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Immediate Changes in the Quadriceps Femoris Angle After Insertion of an Orthotic Device

D. Robert Kuhn, DC,a Terry R. Yochum, DC,b Anton R. Cherry,c and Sean S. Rodgersc



Objective: To measure changes in the quadriceps femoris angle (Q-angle) after the insertion of full-length flexible orthotics.

Setting: Outpatient health center of Logan College of Chiropractic.

Subjects: A total of 40 male subjects were included in the study population. The selected population all demonstrated bilateral pes planus or hyperpronation syndrome.

Design: Before-after trial. Method: A cohort demonstrating bilateral hyperpronation was recruited. The subjects were cast according to standard protocols provided by the manufacturer. Subject right and left Q-angles were measured with and without the orthotic in place. The landmarks used were marked with a permanent marker, and great care was taken to accurately assess the angles formed. The evaluator was not told whether the measure was before or after orthotic insertion. A modified quailcraft goniometer was used.

Data Analysis: The data set was collected and assessed by the t test.

Results: Thirty-nine of 40 test subjects showed reduced Q-angle, which was in the direction of correction. A 2-tailed matched sample showed statistically significant mean reduction in Q-angle measures. There was a minority of patients who showed asymmetrical Q-angle measures. Within this group there was greater symmetry of Q-angle measures after placement of the orthotic.

Conclusion: Insertion of full-length, flexible orthotic devices significantly improves the Q-angle in hyperpronating male subjects. If the literature accurately links an increase in the Q-angle with a predisposition for knee injury, then the possibility of long-term benefits following the use of flexible orthotics exists. More research is required to determine whether these biomechanical changes are maintained after use of these orthotics. (J Manipulative Physiol Ther 2002;25:465-70)



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Orthotic Insole Use and Patient Satisfaction in an Outpatient Chiropractic Clinic

Manuel A. Duarte, D.C., M.S., D.A.B.C.O., D.A.C.B.S.P, and Jerrilyn A. Cambron, D.C., M.P.H., National University of Health Sciences


The effectiveness of foot orthotics is a controversial and often debated topic. Some authors suggest significant clinical advantages, mainly based on studies with heterogenous samples. However, reviews of the literature assessing the benefit of orthotics for more specific disorders demonstrate equivocal results. Prevention of back and lower extremity disorders through the use of orthotics has also demonstrated equivocal results. Even though data are lacking on specific therapeutic efficacy of foot orthotics, there appears to be a high level of satisfaction with use. However, there are no data on patient satisfaction of foot orthotics in a general population. Furthermore, there are no data on the reasons for use within a chiropractic population. The purpose of this study was to survey the reasons for foot orthotic use and the resultant level of satisfaction within a chiropractic outpatient clinic.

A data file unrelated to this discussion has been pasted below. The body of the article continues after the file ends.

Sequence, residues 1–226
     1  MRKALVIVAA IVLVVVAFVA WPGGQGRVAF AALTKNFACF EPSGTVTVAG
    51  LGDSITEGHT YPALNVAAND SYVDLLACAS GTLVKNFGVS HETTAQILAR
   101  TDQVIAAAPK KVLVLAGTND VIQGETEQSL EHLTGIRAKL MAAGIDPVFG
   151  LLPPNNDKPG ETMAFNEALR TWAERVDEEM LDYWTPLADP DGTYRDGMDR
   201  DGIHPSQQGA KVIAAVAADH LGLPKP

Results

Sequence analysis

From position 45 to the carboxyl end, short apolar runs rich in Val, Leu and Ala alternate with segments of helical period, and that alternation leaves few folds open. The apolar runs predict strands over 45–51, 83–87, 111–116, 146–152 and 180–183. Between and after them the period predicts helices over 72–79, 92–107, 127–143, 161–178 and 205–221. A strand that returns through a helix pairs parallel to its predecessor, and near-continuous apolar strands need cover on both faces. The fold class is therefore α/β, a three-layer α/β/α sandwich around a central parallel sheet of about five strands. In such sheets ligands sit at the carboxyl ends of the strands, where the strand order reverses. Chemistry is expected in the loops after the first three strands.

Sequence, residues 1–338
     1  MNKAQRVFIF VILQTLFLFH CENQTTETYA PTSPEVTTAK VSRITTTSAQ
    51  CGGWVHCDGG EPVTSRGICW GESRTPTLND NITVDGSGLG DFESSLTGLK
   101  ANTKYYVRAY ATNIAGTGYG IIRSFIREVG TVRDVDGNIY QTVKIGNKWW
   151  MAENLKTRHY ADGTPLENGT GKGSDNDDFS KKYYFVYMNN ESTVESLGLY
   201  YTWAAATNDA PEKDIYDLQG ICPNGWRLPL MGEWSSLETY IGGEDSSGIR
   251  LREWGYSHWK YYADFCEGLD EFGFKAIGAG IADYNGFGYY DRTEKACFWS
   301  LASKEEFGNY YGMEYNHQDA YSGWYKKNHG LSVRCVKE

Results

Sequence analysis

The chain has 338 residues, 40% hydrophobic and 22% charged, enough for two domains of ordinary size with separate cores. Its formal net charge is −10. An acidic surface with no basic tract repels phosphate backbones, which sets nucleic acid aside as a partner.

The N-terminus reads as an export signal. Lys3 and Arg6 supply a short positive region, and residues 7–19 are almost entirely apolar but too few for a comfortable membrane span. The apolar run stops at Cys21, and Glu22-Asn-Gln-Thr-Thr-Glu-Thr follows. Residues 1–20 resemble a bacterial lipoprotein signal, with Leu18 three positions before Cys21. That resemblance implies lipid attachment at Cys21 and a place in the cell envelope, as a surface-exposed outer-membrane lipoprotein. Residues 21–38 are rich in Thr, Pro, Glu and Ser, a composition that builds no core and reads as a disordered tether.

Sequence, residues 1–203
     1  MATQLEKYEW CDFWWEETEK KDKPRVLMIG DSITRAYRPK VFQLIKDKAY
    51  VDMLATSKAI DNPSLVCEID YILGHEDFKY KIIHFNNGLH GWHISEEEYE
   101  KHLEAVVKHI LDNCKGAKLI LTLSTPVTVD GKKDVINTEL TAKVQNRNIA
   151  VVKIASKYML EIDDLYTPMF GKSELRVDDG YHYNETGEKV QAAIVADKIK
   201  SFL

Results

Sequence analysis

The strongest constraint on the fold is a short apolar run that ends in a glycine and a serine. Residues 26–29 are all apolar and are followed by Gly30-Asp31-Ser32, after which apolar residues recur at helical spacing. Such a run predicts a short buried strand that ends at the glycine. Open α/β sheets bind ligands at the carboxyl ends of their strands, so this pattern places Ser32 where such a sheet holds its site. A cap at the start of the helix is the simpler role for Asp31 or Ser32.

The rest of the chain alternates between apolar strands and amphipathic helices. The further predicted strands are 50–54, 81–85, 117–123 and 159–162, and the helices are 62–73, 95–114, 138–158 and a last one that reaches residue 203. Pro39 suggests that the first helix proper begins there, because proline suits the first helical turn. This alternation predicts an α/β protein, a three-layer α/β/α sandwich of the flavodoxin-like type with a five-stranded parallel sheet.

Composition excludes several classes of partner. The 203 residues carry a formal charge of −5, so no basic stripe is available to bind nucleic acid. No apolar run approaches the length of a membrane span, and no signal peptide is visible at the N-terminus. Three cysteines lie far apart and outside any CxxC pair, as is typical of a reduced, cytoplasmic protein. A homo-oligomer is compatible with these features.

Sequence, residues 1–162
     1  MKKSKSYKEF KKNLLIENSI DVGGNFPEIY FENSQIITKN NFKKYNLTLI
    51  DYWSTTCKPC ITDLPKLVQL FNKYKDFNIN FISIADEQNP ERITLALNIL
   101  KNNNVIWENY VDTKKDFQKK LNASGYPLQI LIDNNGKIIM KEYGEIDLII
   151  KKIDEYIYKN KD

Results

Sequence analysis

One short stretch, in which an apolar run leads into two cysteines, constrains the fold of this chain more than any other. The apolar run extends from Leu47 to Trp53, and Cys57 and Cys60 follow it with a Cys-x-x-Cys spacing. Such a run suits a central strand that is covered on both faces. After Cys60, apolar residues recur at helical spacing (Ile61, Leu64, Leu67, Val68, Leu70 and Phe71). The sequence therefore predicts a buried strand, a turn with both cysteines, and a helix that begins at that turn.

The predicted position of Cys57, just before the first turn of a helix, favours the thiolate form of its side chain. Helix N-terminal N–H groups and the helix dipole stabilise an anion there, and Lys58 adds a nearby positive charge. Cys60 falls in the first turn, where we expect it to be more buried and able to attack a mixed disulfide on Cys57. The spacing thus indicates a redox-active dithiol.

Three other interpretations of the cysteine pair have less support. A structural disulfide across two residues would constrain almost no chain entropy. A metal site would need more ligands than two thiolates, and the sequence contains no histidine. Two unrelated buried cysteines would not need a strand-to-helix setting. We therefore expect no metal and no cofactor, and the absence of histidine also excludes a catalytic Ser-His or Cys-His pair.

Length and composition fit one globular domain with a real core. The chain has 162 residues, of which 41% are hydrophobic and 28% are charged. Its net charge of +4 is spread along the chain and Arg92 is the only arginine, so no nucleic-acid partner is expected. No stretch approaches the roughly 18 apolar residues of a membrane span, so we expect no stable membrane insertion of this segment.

Subjects were randomly sampled from a list of patients who previously purchased Foot Levelers orthotics at a chiropractic teaching clinic. A three-page, IRE-approved survey was either mailed or personally presented to each selected subject. The survey consisted of 19 questions including the subject's chief complaint when_ initially presenting to the clinic, the reason orthotics were recommended, and the subject's overall satisfaction with their orthotics. All patients were fitted for orthotics in the manner described and taught by Foot Levelers, Inc. Prior to use, patients were instructed to wear the orthotics for progressively longer periods of time each day in order for the body to accommodate, until the orthotics could be comfortably worn as needed. Data collected from the survey were collapsed descriptively. Variables significantly associated with level of satisfaction were determined using multivariate modeling.



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Radiographic Evaluation of Weight-bearing Orthotics and Their Effect on Flexible Pes Planus

 D. Robert Kuhn, DC,a  Nofa J. Shibley, DC,b William M. Austin, DC,c  and Terry R. Yochum, DCd



Objective: To determine whether any positive change in the alignment of the bones of the feet occur with the use of custom-made flexible orthotics, cast by weight bearing, in individuals having flexible pes planus. Methods: Anteroposterior and lateral radiographs were obtained with and without orthotics in place. The anteroposterior and lateral talocalcaneal angles and the lateral pitch of both the left and right foot were assessed.

Results: The t test values and P values derived from the radiographic measurements indicated statistically significant improvements in weight-bearing foot alignment.

Discussion: Biomechanical faults in the pedal foundation can adversely affect any of the joints and structures of the foot/ankle complex, lower extremities, pelvis, and spine.

Conclusion: This study supports the use of a custom-made flexible orthotic for the improvement of pedal structural alignment. (J Manipulative Physiol Ther 1999;22:221-6)